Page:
There was a personal camaraderie among the company pilots, and each would not want to let the other pilot's on the shift down by not flying. The company pilots were aware that the PIC had been trying to get a loan approved for purchasing land in Gorman, Texas; however, the day before the accident, they had understood from the PIC that his loan had been approved. One company pilot felt as if the PIC was upset from the safety meeting, stressed for monetary reasons, and worried for his job because production for spotting the fish was lower than the other pilots. Another company pilot felt that the PIC was very honest and did not want company personnel to think that he was stealing on his food voucher by buying the chicken rotisserie or abusing other company privileges, such as flying the company airplane home during his leave days. Another company pilot felt as if the PIC was under pressure to find a place to live because he had been offered the company trailer only until he could locate another place to live for the season. The company trailer was normally used for first time pilot's who were being evaluated for continued employment by the company.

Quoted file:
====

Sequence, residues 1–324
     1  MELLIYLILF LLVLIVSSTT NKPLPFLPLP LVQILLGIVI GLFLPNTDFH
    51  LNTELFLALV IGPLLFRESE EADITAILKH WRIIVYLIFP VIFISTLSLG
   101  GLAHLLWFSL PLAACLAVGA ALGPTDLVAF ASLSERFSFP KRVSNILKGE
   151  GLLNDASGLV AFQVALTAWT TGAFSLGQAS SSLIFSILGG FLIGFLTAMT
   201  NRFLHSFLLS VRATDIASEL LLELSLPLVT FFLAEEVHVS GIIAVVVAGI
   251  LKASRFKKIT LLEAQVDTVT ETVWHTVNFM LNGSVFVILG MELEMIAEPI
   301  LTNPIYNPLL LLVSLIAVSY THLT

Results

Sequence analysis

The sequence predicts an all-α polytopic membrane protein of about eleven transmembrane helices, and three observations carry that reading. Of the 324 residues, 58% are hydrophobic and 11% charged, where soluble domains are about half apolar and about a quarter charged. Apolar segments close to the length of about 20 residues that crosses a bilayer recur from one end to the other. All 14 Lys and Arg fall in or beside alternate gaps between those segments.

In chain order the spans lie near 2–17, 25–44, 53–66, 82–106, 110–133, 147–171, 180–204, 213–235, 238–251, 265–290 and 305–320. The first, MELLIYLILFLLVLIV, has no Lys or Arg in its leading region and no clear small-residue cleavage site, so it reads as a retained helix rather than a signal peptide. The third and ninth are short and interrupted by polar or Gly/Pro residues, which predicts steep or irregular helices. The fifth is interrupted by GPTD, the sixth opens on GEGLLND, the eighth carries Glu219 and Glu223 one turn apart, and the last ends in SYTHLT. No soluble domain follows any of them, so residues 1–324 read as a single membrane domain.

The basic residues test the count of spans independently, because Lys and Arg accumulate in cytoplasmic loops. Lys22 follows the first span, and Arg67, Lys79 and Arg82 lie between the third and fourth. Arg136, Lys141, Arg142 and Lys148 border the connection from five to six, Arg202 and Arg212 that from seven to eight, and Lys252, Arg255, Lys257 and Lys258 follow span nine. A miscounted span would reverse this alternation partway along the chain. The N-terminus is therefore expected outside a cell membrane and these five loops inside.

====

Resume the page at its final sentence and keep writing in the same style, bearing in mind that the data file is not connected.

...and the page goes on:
Company pilots stated that the PIC was health conscious and worked out about 3 times per week. One of the company pilots and the PIC went to the local health club for a workout after their morning shift and the safety meeting. This company pilot was not aware of any medical problems with the PIC; however, he was aware that the PIC had been concerned about his blood pressure and was trying to develop healthy eating habits and do cardiac workouts. During the drive to the health club and the workout, the PIC commented that he was not feeling good and had not slept well the night before. The PIC did not finish the workout portion on the Stairmaster because his left leg was cramping and he did not want to push himself. The PIC went to the steam room and when the other company pilot found him, he was outside the steam room holding his head in his hands and commented that he "did it again, stayed in the steam room too long." The company pilot further stated that the PIC felt "quizzy like was going to throw up, like over doing it." The PIC took a shower before departing the health club. When the pilots returned to the company trailer, the PIC did not eat lunch and stated that he was not feeling too good and was going to lie down and take a nap before the evening flight. It was this company pilot's opinion that the PIC was "sick." At approximately 1545, the PIC exited his room and stated that he was going to the airplane. This was the first time during the 1997 fish spotting season that company pilots recalled this PIC being the first pilot to depart for the Gulf of Mexico. During the previous months, this PIC was usually the last PIC to depart during the shift changes.